We live in a world where it seems like we hear about a new data dump, security breach or other mass information disclosure every couple of weeks.
Just last week, hotel chain Marriott International announced that the data of as many as half a billion users had been compromised by hackers. But what about when a trove of data that could be of public interest falls into the hands of people who might want to publish it not to enable others to steal identities or commit financial crimes, but to allow access to researchers, journalists and others who might have a good reason to want to see it.
Enter “Distributed Denial of Secrets,” an online database that de-facto spokesperson Emma Best describes as “a collective/distribution system for leaked and hacked data.” It launched Monday morning with the intent of being a catch-all for leaked data before it fades into obscurity amid the constantly updating World Wide Web. But the site’s creation has not come without its challenges, maybe most pressing of them all is the ethical question of how to decide what data to publish, what data to hold back, what data to publish in redacted form, and generally how to balance privacy concerns with the desire for transparency. Best notes in a tweet that she and her colleagues expect controversy and debate as data continues to drop.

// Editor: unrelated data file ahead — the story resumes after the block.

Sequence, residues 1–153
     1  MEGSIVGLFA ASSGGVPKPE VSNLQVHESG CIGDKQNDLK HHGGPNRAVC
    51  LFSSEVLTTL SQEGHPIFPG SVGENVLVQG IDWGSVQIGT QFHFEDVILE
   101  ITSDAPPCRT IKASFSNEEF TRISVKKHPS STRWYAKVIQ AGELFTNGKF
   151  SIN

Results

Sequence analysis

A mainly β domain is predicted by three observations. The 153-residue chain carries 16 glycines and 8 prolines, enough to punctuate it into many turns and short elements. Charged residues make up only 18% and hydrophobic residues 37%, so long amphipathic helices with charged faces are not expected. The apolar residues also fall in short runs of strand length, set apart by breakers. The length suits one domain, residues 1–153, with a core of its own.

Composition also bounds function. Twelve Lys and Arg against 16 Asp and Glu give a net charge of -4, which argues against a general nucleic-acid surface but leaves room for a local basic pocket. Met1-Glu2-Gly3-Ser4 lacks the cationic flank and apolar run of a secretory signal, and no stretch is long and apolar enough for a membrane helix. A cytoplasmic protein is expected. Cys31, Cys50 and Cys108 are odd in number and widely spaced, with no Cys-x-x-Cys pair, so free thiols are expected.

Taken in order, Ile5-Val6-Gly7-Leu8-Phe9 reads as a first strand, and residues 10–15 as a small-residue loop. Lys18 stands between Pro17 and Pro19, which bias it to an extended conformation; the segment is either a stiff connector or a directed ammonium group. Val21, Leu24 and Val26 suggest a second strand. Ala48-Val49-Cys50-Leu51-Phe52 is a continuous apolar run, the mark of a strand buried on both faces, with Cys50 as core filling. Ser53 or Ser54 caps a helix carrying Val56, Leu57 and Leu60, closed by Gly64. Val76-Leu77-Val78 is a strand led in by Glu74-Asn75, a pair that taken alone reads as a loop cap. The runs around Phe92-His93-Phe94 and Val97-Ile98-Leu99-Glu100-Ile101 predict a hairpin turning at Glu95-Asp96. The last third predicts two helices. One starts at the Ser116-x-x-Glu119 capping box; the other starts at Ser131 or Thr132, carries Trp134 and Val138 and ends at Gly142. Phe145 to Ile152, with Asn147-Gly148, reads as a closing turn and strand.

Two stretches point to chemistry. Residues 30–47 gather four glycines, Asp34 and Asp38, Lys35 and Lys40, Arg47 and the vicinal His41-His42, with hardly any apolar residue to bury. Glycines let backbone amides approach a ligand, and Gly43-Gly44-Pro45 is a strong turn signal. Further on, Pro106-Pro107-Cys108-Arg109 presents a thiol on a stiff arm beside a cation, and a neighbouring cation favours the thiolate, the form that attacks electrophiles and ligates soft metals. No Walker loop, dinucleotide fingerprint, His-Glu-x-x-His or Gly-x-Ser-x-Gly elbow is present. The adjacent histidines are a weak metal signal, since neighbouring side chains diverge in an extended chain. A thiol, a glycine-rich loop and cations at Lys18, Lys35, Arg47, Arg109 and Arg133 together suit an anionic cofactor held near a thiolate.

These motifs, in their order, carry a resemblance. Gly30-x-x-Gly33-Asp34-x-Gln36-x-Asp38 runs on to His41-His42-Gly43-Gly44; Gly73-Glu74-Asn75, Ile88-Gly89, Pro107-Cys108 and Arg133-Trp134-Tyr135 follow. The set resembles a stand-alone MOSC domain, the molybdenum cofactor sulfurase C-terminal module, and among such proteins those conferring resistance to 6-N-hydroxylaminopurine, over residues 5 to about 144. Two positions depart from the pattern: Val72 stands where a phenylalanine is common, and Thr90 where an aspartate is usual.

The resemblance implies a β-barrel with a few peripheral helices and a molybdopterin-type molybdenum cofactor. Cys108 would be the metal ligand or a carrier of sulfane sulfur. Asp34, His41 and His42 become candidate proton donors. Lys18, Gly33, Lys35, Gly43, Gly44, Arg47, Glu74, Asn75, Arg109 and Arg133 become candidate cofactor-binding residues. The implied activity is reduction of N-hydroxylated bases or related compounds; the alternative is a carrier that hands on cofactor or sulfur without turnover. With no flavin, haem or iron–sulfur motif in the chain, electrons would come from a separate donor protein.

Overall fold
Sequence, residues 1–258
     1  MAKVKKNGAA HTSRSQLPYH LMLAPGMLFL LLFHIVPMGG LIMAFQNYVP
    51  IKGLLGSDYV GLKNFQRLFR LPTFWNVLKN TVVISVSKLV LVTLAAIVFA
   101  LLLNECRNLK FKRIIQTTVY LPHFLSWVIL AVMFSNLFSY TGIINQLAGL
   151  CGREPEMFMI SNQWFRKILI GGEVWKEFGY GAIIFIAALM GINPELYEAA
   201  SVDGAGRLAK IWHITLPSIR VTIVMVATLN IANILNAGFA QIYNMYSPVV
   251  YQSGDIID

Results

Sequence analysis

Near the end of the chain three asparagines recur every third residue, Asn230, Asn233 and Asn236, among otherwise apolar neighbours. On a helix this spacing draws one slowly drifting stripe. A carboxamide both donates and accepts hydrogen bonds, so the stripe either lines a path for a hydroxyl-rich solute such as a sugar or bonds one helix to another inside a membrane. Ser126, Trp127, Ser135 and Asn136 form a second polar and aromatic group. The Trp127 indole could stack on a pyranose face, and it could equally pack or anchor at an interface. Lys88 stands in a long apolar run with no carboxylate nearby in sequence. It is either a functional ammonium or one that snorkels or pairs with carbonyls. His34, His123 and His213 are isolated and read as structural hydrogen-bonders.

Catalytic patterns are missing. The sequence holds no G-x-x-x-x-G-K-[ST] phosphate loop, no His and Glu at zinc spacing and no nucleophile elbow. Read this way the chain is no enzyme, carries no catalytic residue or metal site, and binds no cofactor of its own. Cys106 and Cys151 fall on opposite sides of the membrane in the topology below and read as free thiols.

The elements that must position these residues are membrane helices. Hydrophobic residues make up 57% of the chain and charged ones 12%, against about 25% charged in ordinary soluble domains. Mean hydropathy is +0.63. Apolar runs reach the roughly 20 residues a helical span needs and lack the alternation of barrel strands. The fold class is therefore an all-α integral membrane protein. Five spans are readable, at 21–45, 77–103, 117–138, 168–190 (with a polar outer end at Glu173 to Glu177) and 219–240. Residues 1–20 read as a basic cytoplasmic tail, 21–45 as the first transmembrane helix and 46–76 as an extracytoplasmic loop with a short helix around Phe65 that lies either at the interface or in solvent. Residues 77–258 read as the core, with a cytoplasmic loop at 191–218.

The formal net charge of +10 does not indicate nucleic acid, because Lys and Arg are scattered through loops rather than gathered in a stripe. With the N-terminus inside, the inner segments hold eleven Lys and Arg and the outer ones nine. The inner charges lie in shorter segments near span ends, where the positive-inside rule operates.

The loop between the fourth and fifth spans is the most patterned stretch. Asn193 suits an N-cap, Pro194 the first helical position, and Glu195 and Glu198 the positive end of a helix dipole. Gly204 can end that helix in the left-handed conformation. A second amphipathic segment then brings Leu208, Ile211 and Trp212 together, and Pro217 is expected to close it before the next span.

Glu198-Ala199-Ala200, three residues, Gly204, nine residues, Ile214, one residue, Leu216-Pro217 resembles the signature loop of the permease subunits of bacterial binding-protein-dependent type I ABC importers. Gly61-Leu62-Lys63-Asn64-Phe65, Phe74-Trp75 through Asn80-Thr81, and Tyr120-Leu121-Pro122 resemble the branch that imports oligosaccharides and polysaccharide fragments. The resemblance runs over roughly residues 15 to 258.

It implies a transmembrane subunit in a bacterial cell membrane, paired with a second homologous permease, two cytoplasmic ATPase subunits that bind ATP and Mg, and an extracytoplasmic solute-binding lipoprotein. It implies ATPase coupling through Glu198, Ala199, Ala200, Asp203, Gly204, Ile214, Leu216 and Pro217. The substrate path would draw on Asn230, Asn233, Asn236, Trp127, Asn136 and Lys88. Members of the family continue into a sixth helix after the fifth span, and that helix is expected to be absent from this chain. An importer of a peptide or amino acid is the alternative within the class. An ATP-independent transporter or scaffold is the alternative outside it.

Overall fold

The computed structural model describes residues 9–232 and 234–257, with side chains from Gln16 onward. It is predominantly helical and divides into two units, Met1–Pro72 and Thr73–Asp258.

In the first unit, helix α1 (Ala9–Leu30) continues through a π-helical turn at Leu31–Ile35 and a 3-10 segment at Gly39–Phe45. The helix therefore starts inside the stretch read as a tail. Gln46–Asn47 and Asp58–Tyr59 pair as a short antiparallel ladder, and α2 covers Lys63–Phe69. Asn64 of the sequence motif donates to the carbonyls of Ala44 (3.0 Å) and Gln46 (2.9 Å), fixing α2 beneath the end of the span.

What, if any, potential utility do you see for a website database of leaked or hacked information? What ethical concerns do you have about how the decision is made to publish or not publish a particular data set?
Emma Best, a Boston-based member of the collective behind the “Distributed Denial of Secrets” site
Lisa Lynch, associate professor of media and communications at Drew University in Madison, New Jersey
John Simpson, a consumer advocate for Consumer Watchdog in Mid-City, Los Angeles and is the director of the organization’s Privacy and Technology Project